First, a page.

August 11, 2009
Lochgilphead set for change
A major initiative to transform the fortunes of Lochgilphead is underway. The aim is to make the town a magnet for tourists and plans are being drawn up both to improve local visitor facilities and to run a programme of year round events that will attract greater visitor numbers. The Phoenix Project – so named because it aims to bring about the rebirth of the town – has gained widespread approval
A NEW public hall, heritage centre, regular Gala Day and a Hogmanay party are part of a plan to transform Lochgilphead into a tourist magnet and somewhere people feel proud to live.
‘I would like Lochgilphead to be the jewel at the top of Kintyre… not the armpit of Loch Fyne. It should be the starting point for tourists,’ said Jane MacDonald, the local businesswoman who convened a meeting at Lochgilphead Community Centre last Wednesday to gather views.
And a packed and enthusiastic room agreed with her – it is time to do something to improve the look and attractions on offer in Lochgilphead.
It has been named the Phoenix Project – to bring about the re-birth of the town. A steering committee was appointed to take forward the many ideas discussed and to find out what the people of Lochgilphead want. They got straight down to work meeting last week to move things forward.
Jane said: ‘The whole aim for what we have called the Phoenix Project is the regeneration of Lochgilphead. To start with, there’s the public hall – it will eventually be a business for the community, ploughing money back in to other projects.’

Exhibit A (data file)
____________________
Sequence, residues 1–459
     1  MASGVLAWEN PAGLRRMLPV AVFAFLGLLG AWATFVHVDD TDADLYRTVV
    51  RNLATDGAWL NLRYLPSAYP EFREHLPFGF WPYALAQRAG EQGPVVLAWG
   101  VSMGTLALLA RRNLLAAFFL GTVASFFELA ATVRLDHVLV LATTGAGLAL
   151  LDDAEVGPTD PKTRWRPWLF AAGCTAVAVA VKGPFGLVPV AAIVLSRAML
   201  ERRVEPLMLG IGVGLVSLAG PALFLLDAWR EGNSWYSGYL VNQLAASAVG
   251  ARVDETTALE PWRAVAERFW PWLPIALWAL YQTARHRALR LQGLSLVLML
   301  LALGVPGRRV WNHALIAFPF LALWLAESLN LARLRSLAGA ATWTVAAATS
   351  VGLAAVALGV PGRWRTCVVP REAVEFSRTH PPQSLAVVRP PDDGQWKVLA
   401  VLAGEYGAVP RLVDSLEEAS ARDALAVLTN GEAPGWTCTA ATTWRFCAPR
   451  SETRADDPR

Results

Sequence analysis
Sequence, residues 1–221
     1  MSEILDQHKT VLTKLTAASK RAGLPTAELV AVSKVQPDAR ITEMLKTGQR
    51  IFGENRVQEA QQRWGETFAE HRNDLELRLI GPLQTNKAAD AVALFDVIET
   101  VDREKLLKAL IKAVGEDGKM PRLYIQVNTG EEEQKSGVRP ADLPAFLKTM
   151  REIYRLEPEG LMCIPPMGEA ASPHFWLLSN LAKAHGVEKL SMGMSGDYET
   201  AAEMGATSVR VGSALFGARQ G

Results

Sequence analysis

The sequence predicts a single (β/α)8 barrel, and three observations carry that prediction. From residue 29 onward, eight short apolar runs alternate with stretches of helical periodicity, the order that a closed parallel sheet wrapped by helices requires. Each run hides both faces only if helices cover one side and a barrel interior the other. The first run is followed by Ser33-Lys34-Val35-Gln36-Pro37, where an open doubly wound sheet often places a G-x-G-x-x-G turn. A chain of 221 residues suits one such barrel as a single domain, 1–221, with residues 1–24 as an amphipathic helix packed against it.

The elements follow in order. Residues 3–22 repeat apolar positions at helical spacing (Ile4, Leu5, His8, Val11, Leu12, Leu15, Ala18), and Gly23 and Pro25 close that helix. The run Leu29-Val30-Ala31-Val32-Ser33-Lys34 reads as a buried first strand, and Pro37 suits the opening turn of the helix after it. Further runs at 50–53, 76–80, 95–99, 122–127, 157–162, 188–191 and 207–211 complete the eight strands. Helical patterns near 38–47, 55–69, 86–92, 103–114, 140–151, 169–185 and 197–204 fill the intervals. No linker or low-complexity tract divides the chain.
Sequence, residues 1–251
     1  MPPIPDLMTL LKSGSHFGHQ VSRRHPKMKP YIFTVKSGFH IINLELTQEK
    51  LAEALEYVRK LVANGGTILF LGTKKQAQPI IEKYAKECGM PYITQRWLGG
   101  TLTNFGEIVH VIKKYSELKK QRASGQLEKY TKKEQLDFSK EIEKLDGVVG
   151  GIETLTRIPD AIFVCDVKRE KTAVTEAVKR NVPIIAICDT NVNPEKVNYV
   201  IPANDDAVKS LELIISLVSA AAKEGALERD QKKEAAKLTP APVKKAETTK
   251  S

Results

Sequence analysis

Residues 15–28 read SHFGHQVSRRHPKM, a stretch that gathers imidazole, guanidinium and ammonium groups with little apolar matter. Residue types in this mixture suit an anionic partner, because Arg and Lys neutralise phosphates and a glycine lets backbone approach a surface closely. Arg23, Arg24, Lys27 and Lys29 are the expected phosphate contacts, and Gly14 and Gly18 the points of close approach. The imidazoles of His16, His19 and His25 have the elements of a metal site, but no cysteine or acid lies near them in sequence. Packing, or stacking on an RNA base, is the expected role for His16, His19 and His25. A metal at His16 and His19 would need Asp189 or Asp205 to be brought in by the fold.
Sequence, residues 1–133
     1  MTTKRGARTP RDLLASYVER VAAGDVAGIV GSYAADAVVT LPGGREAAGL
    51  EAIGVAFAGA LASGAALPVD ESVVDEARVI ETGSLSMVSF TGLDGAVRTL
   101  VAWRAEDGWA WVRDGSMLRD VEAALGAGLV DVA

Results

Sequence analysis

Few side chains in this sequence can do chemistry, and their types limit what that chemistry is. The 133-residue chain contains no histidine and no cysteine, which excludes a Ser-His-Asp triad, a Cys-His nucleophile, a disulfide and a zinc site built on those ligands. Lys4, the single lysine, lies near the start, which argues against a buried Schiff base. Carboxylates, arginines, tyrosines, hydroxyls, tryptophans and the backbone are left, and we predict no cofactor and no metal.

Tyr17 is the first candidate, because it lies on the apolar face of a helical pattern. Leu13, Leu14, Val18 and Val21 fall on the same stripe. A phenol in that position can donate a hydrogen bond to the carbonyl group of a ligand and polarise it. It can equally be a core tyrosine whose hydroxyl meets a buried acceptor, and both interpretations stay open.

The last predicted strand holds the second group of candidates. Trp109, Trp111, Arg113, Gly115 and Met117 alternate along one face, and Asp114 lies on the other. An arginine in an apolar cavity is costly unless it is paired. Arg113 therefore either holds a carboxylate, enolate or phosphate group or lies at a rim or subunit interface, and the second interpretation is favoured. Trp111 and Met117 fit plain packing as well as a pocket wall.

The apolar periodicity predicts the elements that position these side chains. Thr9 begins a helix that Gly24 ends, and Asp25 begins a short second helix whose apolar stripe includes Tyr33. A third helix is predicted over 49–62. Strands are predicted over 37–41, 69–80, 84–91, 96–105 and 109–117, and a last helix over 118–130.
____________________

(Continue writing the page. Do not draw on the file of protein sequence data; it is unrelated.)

She hopes a hall would incorporate a heritage centre and backpackers hostel, as well as being a base for a regular programme of cultural and community events.
The group plans to resurrect an environmental improvement plan drawn up in 1992, but never put into effect. They will also work to bring back Gala Day in summer 2010 and a regular Hogmanay event to attract people at New Year.
‘It needs the community’s backing. We need to do this for ourselves,’ Jane added. ‘It can’t go forward unless everybody is wanting the same thing. And that is to bring life back into Lochgilphead and make us proud that we actually live here.’
She said she started to see the need for a major push to improve the town listening to customers in her barber’s shop: ‘It was just talking to people and finding out how fed up the local people in the town are, that there’s nothing to do. We are seeing colossal amounts of housing being built, without the jobs and amenities for them.’
The Phoenix steering group will be sending a questionnaire to every home and plans to hold another public meeting at the end of September. They will also be contacting other groups in the town, to get their views and find opportunities to work together.